If you’re a real art buff, the name César Manrique might have come up in your studies. Or not. It will come up if you ever visit Lanzarote and rightfully so.
Manrique was an artist and architect whose greatest piece of work is Lanzarote itself. Having seen the future and the effects of tourism on the island as early as the sixties, he was an activist and demonstrator against different hotel constructions. He also propagated for a “traditional” style of architecture and materials instead of new and cheap materials. You can also see his sculptures and wind toys at dozens of locations all around Lanzarote.
As an artist, he was one of the first contemporary artists in Spain and used recycled or old stuff for his art, scrap metal and such. While a lot of his public sculptures get your mind reeling, the home he built for himself is something worth checking out. With visitors pouring in, César donated his home to the foundation bearing his name before his death, and moved to a slightly smaller place.
The house is set in the midst of a lava field and features pretty unique quarters. I could see myself hosting a party here. As a museum, it has some interesting pieces, not only by Manrique bur others as well.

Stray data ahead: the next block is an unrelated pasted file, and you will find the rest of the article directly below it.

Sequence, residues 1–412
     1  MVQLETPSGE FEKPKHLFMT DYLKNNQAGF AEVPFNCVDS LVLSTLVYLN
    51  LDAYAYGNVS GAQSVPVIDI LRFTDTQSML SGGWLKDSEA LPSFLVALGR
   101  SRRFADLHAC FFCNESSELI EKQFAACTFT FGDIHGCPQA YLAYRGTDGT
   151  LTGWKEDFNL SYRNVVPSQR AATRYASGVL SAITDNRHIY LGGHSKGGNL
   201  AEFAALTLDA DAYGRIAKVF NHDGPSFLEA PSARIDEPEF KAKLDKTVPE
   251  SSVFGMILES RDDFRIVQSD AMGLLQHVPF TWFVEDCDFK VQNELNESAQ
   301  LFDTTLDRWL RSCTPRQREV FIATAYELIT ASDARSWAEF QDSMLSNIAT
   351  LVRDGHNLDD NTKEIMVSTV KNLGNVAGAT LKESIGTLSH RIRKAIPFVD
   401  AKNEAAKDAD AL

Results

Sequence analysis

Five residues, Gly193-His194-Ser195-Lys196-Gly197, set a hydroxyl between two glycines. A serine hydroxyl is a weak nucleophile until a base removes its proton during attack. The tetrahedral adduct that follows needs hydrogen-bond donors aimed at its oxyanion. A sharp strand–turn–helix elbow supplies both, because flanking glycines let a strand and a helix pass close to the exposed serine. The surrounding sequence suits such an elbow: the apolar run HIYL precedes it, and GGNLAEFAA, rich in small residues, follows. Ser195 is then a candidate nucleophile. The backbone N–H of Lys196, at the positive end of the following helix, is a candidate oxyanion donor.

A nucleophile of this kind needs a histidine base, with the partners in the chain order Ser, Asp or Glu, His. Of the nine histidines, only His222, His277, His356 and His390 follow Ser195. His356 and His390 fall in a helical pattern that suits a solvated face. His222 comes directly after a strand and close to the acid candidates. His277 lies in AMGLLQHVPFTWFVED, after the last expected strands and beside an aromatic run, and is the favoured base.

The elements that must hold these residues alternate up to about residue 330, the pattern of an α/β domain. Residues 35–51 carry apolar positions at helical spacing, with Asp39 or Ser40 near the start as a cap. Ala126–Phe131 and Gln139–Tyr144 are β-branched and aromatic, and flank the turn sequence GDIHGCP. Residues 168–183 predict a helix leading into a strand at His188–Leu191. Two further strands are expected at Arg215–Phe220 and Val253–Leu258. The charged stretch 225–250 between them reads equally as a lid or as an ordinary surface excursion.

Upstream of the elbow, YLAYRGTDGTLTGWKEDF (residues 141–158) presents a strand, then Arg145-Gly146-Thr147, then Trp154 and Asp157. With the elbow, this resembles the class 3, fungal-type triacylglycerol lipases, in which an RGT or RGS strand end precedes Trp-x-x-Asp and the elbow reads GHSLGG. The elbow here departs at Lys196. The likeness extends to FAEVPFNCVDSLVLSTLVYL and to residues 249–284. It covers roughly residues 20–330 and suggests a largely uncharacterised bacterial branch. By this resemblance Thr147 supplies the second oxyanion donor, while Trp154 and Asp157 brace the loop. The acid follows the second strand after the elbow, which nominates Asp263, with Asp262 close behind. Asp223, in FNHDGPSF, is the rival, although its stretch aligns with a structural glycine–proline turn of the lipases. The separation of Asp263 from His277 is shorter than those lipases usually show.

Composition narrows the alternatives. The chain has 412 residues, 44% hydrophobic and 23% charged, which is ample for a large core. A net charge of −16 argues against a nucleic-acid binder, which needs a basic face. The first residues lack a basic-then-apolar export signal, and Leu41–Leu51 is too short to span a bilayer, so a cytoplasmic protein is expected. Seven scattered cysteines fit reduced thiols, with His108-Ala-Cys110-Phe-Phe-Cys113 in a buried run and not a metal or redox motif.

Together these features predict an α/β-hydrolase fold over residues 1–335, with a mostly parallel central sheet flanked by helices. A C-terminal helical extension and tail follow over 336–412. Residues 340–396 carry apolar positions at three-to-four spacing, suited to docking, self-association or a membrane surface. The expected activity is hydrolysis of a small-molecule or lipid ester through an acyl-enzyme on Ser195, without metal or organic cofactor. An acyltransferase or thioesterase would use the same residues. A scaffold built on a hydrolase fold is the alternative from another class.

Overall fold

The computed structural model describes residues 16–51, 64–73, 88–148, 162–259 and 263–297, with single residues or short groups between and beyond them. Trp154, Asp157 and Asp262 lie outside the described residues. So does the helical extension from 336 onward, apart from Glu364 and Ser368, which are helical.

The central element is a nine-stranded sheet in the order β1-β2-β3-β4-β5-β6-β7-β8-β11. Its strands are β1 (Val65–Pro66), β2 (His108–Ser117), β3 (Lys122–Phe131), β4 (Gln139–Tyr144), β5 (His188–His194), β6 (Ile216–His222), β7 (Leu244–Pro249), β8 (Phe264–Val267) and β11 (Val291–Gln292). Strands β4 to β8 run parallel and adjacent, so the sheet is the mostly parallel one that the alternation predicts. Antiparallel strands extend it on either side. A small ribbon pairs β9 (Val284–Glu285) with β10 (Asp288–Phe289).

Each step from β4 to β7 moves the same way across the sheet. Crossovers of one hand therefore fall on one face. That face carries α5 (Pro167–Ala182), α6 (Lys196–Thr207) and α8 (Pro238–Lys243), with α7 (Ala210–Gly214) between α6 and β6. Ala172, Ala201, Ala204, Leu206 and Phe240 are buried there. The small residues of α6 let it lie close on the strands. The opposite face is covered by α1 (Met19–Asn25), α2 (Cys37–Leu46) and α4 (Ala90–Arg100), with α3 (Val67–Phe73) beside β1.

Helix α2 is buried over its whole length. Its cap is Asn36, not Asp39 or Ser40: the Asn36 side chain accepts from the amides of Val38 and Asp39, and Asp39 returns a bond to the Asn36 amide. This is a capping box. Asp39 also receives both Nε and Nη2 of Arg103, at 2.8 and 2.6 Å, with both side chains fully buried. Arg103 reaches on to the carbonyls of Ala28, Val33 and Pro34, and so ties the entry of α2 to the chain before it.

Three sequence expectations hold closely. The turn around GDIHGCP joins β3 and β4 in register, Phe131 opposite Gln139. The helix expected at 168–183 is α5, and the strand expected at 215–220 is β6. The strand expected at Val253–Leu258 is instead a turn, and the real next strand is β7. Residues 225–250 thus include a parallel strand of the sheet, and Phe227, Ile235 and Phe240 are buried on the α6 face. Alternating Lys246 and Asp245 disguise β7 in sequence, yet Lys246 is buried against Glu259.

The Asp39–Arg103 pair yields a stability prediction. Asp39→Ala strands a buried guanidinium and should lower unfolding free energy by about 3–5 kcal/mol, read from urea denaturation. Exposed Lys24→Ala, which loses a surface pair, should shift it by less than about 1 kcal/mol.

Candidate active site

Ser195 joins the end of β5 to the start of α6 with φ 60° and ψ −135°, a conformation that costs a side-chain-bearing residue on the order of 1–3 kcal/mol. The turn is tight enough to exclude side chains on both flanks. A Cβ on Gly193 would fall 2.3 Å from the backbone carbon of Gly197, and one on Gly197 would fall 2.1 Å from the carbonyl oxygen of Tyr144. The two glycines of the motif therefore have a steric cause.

I’ve said it before and I’ll repeat myself. Modern art might not be my thing. Throwing paint on a canvas and scratching it off, leaving some kind of marks might have had you in a state of extreme inspiration. And the purpose of art is supposedly to make you think. Contemporary art just makes me think: why, oh why, did this piece have to become real? I can sit around watching insects, rocks, trees, even flowers and definitely the sea for hours and always be equally amazed by colour, form and symmetry. That said, there were a few pieces that were intriguing.